S. Katharine Drexel| Daily Meditation| Daily Quote by S. Padre Pio| Divine Mercy Reflection
St. Katharine Drexel
If your father is an international banker and you ride in a private railroad car, you are not likely to be drawn into a life of voluntary poverty. But if your mother opens your home to the poor three days each week and your father spends half an hour each evening in prayer, it is not impossible that you will devote your life to the poor and give away millions of dollars. Katharine Drexel did that.
She was born in Philadelphia in 1858. She had an excellent education and traveled widely. As a rich girl, she had a grand debut into society. But when she nursed her stepmother through a three-year terminal illness, she saw that all the Drexel money could not buy safety from pain or death, and her life took a profound turn.
She had always been interested in the plight of the Indians, having been appalled by what she read in Helen Hunt Jackson’s A Century of Dishonor. While on a European tour, she met Pope Leo XIII and asked him to send more missionaries to Wyoming for her friend Bishop James O’Connor. The pope replied, “Why don’t you become a missionary?” His answer shocked her into considering new possibilities.
Back home, Katharine visited the Dakotas, met the Sioux leader Red Cloud and began her systematic aid to Indian missions.
She could easily have married. But after much discussion with Bishop O’Connor, she wrote in 1889, “The feast of St. Joseph brought me the grace to give the remainder of my life to the Indians and the Colored.” Newspaper headlines screamed “Gives Up Seven Million!”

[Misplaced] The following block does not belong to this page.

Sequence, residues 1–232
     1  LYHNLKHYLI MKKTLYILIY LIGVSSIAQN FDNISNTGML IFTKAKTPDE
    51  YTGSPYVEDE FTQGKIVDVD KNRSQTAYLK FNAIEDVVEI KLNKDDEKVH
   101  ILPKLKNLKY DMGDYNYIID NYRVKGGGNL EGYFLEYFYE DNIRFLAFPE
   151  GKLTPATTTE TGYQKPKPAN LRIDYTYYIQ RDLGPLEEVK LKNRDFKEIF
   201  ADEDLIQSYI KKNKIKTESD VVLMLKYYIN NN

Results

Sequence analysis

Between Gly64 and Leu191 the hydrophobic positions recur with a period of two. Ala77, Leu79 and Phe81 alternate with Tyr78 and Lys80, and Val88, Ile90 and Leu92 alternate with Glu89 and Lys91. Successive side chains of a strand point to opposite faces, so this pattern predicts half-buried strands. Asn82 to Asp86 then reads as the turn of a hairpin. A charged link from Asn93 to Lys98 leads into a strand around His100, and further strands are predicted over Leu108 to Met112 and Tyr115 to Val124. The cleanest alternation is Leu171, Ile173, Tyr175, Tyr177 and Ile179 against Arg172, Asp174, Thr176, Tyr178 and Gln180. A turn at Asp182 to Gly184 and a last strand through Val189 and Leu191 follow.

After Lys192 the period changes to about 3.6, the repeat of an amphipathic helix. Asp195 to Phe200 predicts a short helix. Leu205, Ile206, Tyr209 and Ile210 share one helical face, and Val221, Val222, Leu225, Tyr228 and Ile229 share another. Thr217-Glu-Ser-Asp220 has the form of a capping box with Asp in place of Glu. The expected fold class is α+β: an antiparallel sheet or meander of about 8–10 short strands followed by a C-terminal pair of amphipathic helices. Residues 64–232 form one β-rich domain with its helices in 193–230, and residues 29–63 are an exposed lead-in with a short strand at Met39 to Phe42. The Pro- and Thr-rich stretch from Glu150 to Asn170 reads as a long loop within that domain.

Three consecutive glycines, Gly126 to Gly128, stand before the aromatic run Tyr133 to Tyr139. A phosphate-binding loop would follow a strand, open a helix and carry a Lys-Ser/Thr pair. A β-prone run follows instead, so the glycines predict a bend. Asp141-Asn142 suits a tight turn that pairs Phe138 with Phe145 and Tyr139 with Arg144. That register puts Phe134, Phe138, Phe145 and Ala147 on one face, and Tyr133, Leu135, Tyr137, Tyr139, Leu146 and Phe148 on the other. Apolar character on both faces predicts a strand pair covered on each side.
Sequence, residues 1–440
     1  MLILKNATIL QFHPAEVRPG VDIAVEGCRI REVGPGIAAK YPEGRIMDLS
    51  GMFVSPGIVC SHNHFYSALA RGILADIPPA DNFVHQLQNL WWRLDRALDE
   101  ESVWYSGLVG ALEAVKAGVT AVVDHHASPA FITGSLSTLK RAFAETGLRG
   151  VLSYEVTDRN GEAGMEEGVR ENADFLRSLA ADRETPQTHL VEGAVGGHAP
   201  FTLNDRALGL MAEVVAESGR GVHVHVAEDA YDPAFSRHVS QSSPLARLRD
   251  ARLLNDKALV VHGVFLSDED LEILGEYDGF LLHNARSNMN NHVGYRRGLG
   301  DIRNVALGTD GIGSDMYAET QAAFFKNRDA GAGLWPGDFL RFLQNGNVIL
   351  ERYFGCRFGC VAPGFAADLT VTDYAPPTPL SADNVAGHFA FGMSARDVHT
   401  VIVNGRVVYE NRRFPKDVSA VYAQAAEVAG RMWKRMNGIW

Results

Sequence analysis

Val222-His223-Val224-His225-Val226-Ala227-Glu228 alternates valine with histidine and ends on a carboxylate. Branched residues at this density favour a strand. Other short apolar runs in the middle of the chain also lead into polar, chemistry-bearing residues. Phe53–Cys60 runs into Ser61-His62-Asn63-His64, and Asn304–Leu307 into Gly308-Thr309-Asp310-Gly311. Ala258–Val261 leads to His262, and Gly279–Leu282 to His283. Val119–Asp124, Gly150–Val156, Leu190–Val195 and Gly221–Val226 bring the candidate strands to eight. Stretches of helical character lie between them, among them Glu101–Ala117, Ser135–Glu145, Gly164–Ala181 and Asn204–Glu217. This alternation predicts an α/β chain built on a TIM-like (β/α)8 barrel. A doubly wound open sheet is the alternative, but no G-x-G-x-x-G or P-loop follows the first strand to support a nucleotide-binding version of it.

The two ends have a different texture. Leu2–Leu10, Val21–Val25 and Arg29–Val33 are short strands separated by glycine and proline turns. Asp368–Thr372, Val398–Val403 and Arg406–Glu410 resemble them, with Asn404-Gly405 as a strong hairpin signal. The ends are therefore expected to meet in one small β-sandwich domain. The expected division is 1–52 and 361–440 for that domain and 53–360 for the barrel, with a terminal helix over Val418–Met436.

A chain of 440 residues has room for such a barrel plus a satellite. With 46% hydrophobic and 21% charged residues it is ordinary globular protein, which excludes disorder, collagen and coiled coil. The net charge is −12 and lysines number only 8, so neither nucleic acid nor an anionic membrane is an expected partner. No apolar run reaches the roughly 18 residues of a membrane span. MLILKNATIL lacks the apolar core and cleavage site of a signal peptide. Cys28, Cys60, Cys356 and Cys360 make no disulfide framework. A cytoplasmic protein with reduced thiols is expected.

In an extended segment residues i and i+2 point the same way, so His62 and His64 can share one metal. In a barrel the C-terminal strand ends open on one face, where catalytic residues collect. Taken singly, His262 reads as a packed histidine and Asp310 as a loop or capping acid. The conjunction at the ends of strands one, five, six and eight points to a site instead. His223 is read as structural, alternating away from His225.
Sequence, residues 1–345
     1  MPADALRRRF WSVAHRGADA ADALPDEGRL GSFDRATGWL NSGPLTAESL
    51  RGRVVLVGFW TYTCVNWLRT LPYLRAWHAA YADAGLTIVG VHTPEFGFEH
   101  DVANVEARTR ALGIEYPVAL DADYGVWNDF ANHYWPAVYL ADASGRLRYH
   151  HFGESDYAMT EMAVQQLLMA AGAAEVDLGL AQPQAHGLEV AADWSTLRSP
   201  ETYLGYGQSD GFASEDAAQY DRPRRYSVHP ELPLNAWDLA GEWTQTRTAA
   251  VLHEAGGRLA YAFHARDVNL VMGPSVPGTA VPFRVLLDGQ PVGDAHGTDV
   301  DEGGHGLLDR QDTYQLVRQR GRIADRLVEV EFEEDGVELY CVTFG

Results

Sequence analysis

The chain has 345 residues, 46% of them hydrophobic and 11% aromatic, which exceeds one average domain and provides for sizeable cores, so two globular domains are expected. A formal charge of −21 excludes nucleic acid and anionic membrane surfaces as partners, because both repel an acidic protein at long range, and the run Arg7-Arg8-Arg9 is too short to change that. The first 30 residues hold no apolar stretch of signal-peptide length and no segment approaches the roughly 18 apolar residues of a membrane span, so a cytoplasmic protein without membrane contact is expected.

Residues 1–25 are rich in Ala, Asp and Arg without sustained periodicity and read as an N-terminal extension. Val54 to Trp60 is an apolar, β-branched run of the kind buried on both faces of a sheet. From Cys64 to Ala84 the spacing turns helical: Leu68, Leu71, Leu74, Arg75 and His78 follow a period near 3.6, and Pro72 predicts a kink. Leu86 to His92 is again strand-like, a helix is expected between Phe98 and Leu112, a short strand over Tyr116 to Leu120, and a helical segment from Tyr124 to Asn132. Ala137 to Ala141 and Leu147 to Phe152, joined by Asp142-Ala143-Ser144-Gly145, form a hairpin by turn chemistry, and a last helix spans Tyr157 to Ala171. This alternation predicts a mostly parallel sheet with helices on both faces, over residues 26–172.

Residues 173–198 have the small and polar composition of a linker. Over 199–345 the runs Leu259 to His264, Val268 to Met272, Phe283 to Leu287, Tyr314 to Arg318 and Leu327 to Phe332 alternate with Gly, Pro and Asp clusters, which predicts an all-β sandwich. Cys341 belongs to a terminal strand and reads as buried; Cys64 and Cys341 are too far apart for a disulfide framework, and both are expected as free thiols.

After three and a half years of training, she and her first band of nuns (Sisters of the Blessed Sacrament for Indians and Colored) opened a boarding school in Santa Fe. A string of foundations followed. By 1942 she had a system of black Catholic schools in 13 states, plus 40 mission centers and 23 rural schools. Segregationists harassed her work, even burning a school in Pennsylvania. In all, she established 50 missions for Indians in 16 states.
Two saints met when Katharine was advised by Mother Cabrini about the “politics” of getting her Order’s Rule approved in Rome. Her crowning achievement was the founding of Xavier University in New Orleans, the first Catholic university in the United States for African Americans.
At 77, she suffered a heart attack and was forced to retire. Apparently her life was over. But now came almost 20 years of quiet, intense prayer from a small room overlooking the sanctuary. Small notebooks and slips of paper record her various prayers, ceaseless aspirations and meditation. She died at 96 and was canonized in 2000.
Saints have always said the same thing: Pray, be humble, accept the cross, love and forgive. But it is good to hear these things in the American idiom from one who, for instance, had her ears pierced as a teenager, who resolved to have “no cake, no preserves,” who wore a watch, was interviewed by the press, traveled by train and could concern herself with the proper size of pipe for a new mission. These are obvious reminders that holiness can be lived in today’s culture as well as in that of Jerusalem or Rome.